West Valley City • Call the Valley Fair Mall the Lazarus of shopping centers.
In 2004 and 2005, it was almost dead. Owned by an indifferent out-of-state real estate company, it looked as though it would be razed like the Cottonwood Mall and replaced by a few large box stores.
But Valley Fair, which opened with great fanfare in 1969, refused to die despite benign neglect. When a shop closed, another tenant was usually there to take its place.
A combination of redevelopment agency investments by West Valley City, federal and state assistance, new local ownership in Satterfield Helm, work by brokers from Coldwell Banker Commercial Intermountain with experience in leasing Utah shopping centers and investments from national chains and local businesses such as the Larry Miller Group has brought Valley Fair back to life.
“The neighborhood and the city of West Valley has always adored and used that mall,” said Richard Coles, vice president and associate broker for Coldwell Banker Commercial Intermountain, which has expertise in regional malls and represents more than 100 national retail tenants.
Consider that the construction of a new Costco, the replacement of the old Mervyn’s store with a popular Larry Miller Megaplex Theater, an indoor remodel that gave the inside a park-like feel with benches, brick floors and old-fashioned light posts and major additions on the west side of the original mall took place during one of the worst economic downturns in U.S. history and the shopping center’s rebirth is nothing short of amazing.
Consider these numbers:
• According to Beau Manwaring, senior leasing manager at Valley Fair Mall, traffic inside the shopping center is up 74 percent since 2009.
•Dollars per square foot on the inside of the mall, which is how the success of most centers of this type is measured, has increased 46 percent.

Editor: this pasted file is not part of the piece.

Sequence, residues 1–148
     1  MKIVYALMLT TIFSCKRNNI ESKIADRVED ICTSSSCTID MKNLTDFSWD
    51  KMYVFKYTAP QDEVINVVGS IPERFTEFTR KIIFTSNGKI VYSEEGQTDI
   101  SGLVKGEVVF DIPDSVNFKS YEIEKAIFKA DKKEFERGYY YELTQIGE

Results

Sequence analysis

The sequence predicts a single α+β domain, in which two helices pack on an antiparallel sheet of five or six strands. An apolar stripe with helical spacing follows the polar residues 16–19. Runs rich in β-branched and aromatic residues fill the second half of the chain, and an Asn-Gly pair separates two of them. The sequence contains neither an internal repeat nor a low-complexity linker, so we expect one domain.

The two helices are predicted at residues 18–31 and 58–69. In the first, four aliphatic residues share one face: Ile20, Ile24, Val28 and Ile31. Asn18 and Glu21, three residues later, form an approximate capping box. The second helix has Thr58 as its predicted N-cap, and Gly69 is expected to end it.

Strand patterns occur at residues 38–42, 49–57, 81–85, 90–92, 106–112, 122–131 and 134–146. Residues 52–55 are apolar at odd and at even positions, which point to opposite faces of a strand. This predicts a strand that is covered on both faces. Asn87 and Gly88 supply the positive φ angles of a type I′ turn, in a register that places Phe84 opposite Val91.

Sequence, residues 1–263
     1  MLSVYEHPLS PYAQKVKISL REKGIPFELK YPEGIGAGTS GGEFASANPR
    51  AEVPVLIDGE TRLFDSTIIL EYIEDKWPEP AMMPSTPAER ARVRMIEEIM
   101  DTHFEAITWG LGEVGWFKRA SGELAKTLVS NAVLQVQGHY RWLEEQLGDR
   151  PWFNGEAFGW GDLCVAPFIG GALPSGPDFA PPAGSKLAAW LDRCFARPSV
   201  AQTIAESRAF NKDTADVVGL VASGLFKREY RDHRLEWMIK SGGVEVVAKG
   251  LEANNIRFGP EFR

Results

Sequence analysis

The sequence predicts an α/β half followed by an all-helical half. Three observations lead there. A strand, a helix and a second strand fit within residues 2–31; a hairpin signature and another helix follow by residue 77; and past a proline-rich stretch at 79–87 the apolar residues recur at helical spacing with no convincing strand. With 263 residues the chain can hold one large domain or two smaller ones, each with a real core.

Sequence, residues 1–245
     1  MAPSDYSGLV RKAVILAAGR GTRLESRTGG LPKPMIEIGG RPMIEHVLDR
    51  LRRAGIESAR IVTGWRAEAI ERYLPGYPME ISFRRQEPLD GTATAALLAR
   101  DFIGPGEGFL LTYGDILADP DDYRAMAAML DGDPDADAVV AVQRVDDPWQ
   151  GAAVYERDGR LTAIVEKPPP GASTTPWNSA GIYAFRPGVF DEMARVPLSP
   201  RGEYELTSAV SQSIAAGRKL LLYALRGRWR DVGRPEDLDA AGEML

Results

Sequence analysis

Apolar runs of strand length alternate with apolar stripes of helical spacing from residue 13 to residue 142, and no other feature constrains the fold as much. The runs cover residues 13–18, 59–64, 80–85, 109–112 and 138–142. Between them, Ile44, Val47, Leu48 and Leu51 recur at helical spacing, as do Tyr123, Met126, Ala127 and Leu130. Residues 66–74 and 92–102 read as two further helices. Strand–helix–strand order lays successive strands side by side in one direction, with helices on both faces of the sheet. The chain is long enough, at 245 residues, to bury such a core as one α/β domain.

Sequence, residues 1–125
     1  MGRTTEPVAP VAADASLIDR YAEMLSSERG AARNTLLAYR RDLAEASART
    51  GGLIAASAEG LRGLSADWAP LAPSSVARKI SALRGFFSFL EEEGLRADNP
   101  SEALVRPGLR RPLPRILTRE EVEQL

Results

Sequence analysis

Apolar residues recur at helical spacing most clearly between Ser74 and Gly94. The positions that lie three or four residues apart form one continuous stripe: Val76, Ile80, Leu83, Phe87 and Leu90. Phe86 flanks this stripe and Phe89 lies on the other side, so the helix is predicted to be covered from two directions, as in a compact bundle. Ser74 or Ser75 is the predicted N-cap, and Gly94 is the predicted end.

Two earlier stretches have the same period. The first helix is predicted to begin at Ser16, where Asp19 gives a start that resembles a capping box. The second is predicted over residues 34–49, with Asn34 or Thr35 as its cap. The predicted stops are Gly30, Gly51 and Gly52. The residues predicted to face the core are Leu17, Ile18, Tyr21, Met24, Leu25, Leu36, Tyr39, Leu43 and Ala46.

•Major franchises such as Bed Bath and Beyond and Ulta are currently building new stores on the west side but adjacent to the mall itself.
•The new Olive Garden is one of the top performing restaurants in the national chain. The new Wells Fargo bank is the top branch in the state for transaction volumes. Stores such as Ross and JC Penney consistently outperform similar stores nationally.
“I don’t know of another mall in the country that has pulled out of a death spiral,” said Manwaring. “Once you hit a certain dollars per square foot, it’s done and they scrape it, like Cottonwood Mall. This is the only one I know to pull out of it.”
Valley Fair Mall does contain many of the same national chains seen in most malls, with Macy’s and JC Penney anchoring its south and north flanks. But what makes it unique is that a few local stores are included in the mix. This is also a mall where there are a few ethnic stores. It’s possible to see signs in Spanish and Chinese and hear a number of different languages spoken. The food court, though currently struggling with a few empty spots, features some local eateries. Tacos Daniel is set to occupy a spot soon.
Cheron Parker, who owns Fads N’ Fashions and Trinkets & Treasures inside the mall, said that there have been times when staying in business has been a struggle.
“I am happy about the changes they are making,” she said. “Our customers like feeling that they get personalized attention. We put an outfit together for them. And Trinkets & Treasures has stuff you can’t find at other places … I am liking it better all the time.”
Kearns’ teens Abby Zettler and Alexis Behunin are the kind of young customers most malls hope to attract.
“I think it’s a great place to hang out with friends,” said Zettler, 13. “It’s a great place for weekends on Friday and Saturday. You have movies, food, shops and games.”
“It’s a fun place to hang out on weekends with friends,” added Behunin. “We go to new stores and eat.”